All corporations need to be open about their internal operations, but more so an organization supported by the public, for the people. Nonprofits have the social obligation to uphold their mission and core values. By becoming the leading example, it can inspire others to take action.
Professionals in specialized fields, such as health and accounting, fall into the category of paid staff, but the foundation of nonprofits consists of volunteers and interns. Donating doesn't always mean writing a check. Not only do volunteers gain experience and contribute to the greater good, but it's also a means to support their favorite nonprofit when monetary donations aren't possible.
The control lies solely in the board of directors, but it only benefits the community. It's primarily fueled by the contributions and made possible by the public as a whole.
Pros and cons of a nonprofit
Is turning your business into a nonprofit the right choice for you? Let's weigh the advantages and disadvantages of starting a nonprofit organization.
Pros of nonprofit organizations
Tax exemption: Unlike for-profit businesses, nonprofit organizations are eligible for tax breaks. However, your non profit must have the listed purpose of community improvement and provide reports on your activities.
Limited liability: Similar to limited liability companies (LLC), nonprofit organizations are granted limited liability. Limited liability is legal protection, where a person's financial liability is limited to the value of a person's investment in a company or partnership. This protects individuals from liability or obligations within the nonprofit.
Funding through grants: Unlike loans from venture capitalists, funding from grants, donations, and other means don’t generally have to be paid back. This takes the burden and pressure off of making enough to provide a return of investment and focus on results instead.
The organization and the individuals are considered separate: Nonprofits shield actions of those within the organization by keeping individuals separate from the nonprofit. While someone's legal matters may negatively impact a for profit, nonprofits are unharmed and remain a public domain.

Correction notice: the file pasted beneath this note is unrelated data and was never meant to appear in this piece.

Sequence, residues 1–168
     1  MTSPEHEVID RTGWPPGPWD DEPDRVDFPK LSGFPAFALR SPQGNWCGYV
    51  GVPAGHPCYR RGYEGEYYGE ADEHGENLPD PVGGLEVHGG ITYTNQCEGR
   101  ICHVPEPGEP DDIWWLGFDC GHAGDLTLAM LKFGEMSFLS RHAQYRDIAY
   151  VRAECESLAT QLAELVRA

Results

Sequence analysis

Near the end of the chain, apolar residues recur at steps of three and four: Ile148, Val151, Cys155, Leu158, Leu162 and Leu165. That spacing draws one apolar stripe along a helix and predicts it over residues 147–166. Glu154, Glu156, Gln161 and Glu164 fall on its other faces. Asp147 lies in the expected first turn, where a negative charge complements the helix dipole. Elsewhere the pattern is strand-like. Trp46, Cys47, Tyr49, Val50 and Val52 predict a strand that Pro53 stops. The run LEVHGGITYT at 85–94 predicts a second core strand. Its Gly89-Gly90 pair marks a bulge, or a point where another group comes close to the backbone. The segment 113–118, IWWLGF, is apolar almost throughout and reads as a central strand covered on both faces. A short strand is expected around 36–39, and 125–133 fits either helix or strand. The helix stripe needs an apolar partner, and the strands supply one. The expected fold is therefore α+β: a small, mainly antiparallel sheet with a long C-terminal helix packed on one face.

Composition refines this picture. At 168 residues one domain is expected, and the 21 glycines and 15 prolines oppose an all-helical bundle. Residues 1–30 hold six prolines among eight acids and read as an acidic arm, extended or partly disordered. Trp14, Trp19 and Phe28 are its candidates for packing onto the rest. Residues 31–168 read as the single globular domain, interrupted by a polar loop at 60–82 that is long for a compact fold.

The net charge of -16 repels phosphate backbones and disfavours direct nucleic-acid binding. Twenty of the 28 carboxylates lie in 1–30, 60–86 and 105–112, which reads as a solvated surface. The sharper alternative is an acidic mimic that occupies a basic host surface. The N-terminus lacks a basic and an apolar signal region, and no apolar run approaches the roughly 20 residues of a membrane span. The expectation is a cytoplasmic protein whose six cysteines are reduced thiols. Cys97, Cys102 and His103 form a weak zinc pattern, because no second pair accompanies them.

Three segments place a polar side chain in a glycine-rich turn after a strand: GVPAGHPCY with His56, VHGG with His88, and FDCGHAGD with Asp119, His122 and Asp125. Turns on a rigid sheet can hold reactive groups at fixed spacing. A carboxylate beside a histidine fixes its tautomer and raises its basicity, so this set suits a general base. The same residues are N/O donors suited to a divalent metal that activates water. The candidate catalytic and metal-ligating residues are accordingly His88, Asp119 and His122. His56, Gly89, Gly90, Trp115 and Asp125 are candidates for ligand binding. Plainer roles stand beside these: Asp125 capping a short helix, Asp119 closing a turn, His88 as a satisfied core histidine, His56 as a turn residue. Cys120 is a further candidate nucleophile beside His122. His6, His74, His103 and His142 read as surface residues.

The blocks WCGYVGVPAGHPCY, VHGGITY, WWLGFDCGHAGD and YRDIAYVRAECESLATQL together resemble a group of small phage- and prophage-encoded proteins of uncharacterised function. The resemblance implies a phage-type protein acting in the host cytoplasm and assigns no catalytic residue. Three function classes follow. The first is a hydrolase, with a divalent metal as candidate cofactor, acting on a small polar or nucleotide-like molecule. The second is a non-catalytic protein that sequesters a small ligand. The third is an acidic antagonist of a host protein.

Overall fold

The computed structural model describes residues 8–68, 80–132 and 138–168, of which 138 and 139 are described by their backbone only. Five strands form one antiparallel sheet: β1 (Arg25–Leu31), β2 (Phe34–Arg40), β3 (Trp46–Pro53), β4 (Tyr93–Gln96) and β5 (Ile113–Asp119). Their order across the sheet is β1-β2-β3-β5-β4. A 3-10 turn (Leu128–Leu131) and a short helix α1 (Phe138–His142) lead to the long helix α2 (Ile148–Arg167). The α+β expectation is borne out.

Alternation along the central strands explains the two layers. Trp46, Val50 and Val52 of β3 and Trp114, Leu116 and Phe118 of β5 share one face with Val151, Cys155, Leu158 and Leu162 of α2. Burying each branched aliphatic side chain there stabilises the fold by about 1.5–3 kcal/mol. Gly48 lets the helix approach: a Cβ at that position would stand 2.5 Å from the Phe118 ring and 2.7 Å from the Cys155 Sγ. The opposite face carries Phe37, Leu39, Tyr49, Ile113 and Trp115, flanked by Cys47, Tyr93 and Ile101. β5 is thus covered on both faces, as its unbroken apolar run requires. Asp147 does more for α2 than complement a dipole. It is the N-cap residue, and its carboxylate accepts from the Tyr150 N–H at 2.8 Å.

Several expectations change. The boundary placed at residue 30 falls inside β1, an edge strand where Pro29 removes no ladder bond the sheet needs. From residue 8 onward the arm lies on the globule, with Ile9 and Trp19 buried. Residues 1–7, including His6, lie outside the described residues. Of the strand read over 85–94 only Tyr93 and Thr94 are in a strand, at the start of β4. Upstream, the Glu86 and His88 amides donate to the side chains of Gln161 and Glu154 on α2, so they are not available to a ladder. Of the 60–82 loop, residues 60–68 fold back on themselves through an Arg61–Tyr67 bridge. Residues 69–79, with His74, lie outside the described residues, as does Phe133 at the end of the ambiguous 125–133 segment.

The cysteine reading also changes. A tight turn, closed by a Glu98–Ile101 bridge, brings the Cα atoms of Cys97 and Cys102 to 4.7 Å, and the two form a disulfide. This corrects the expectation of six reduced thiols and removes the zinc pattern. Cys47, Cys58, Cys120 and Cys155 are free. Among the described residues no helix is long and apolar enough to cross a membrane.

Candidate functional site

Intrinsic rewards: Intangible benefits far outweigh the dollar value of their services. Nonprofits and their employees achieve a sense of satisfaction in contributing their time and resources to a cause.
Cons of nonprofit organizations
Tax exemption isn't guaranteed: Proving nonprofit compliance is an ongoing and strict process. Once your business obtains nonprofit status, you need to regularly file federal and state paperwork to maintain your tax-exempt status.
Funds aren't guaranteed: You don't have the support of loans, investors and sales to keep operations running. Nonprofits solely depend on private donations, sponsorships and grants, among many fundraising methods.
Not as financially rewarding: All focus is directed toward the financial success of the organization. No one within the nonprofit is permitted to profit or benefit from the net earnings of the organization. You're only allowed to make money by other means or receive compensation for your efforts.
Increased public scrutiny: The nonprofit, and those within it, are watching closely for any suspicious activity. Not only will you be judged by how it benefits others, but your financial transactions and expenses will also be made public.
Now that you know what a nonprofit is and how it differs from socially aware companies, you can make an informed decision about your business goals. Think about your eligibility and your desired outcome. Whether you want to generate profit or contribute to a better world, you have to decide what aligns with your goals, values and interests the most.